So bottomline for me is that chemobrain probably isn't the result of one thing alone but rather a combination of the above or some.

I can't have an MRI because I have a pacemaker, due to heart damage from a chemo drug, so they could not go a little further in looking at it. The neurosurgeon said that there is nothing you can do about chemo brain although some people have had some success with an anti depressant and something else but again I can't remember what the something else was. Oh wait I remember now, sigh, it was a drug that is normally used in the treatment of ADHD, ritalin. No thanks, I have enough medical problems than to try that too, for myself. I am already on way too many drugs for the rest of my life.

All the best,

Bluerose

vslesinski
Posts: 1
Joined: Apr 2012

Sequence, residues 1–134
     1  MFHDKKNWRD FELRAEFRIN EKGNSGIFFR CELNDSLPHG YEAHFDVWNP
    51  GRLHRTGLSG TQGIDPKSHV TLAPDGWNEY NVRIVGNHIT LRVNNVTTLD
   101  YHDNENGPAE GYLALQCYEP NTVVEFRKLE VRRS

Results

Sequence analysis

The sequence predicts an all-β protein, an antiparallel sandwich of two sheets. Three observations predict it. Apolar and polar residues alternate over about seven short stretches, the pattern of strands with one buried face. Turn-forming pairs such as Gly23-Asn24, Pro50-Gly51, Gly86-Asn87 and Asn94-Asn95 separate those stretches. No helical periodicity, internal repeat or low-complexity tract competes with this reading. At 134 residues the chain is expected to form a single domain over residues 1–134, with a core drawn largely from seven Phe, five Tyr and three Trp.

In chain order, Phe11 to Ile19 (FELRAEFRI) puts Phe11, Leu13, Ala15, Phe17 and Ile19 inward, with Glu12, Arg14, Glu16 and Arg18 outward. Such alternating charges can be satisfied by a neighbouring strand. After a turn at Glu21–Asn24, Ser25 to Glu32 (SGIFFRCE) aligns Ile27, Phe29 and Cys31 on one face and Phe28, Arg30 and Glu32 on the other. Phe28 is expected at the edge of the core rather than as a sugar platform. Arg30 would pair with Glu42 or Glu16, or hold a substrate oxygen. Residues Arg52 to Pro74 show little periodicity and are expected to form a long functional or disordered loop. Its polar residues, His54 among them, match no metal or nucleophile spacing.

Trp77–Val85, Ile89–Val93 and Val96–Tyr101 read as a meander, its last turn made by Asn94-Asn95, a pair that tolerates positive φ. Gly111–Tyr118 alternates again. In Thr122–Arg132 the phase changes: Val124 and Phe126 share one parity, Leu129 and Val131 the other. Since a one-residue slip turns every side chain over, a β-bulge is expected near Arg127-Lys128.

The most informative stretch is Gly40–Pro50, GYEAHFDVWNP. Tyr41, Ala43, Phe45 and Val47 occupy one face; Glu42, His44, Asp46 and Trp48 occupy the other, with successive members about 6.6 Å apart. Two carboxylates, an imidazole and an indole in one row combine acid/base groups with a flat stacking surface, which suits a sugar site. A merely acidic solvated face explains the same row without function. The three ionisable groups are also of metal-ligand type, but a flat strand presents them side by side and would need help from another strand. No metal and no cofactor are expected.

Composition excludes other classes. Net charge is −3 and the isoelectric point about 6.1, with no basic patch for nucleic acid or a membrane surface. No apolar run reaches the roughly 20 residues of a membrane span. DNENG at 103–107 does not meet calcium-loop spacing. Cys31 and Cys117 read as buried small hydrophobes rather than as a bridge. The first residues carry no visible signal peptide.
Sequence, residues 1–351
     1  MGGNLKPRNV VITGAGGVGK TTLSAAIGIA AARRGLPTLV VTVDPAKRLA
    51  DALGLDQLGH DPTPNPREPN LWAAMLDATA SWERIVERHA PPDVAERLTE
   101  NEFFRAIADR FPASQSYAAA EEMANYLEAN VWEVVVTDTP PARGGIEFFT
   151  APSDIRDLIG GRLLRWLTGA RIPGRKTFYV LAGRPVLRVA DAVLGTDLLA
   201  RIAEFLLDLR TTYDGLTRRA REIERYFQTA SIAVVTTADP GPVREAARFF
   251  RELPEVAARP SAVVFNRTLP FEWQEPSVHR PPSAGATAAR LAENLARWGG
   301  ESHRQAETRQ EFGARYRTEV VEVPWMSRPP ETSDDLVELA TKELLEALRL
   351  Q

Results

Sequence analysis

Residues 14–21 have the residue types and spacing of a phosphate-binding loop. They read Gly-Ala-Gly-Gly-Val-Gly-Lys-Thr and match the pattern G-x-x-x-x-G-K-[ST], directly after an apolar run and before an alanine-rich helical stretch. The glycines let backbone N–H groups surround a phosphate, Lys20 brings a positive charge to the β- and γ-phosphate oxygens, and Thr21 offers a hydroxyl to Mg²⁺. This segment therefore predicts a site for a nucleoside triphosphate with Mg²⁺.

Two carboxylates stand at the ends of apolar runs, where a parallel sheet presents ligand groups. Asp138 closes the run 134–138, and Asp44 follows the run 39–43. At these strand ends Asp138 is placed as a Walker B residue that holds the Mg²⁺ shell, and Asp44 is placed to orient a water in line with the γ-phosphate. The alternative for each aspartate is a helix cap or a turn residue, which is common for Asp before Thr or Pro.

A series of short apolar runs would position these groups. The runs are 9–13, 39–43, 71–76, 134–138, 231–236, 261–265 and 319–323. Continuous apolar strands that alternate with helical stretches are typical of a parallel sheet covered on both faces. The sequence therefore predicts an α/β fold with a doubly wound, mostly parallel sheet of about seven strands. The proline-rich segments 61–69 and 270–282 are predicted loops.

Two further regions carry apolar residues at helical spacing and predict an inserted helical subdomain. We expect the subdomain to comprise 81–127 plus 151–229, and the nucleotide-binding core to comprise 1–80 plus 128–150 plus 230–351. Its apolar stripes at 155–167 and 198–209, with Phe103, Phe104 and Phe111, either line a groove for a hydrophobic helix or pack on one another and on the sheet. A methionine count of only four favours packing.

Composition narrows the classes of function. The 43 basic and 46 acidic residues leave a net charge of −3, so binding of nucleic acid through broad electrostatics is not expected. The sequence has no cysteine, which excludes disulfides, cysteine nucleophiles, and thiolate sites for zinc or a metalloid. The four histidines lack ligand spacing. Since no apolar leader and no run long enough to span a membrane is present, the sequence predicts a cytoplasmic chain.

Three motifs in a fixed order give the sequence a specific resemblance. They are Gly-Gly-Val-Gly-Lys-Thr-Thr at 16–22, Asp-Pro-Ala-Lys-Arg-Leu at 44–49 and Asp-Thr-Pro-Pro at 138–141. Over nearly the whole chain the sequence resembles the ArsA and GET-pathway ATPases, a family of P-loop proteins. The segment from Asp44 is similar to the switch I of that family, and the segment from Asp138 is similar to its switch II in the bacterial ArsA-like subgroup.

I am an almost 8 year ovarian cancer survivor who experienced chemo brain. I still lose words and very often can't remember numbers. Pretty bad for an accountant. However, my way of dealing with it is through nutrition. My chiropractor referred me to a compounding pharmacist who is also a nutritionist. I have been consulting with him and owe my good health to following his advice. I eat organic food which eliminates chemicals, pesticides, food additives, and other offending ingredients. There is no "Pink Slime" in my diet. I also work out and lift weights. He also has me taking a variety of supplements based on my needs which have made a major difference. Due to the nature of the surgery I use bioidentical hormone replacement which is prescribed by my oncologist and is compounded in his pharmacy. This lifestyle change is also supported by my oncologist and physician. I had to search for physicians who aren't so quick to prescribe drugs and are willing to try other options. So I suggest finding someone like this practitioner. I am firmly convinced that what is in our food and drink is the cause of our cancers and will continue to ruin our health and even kill us.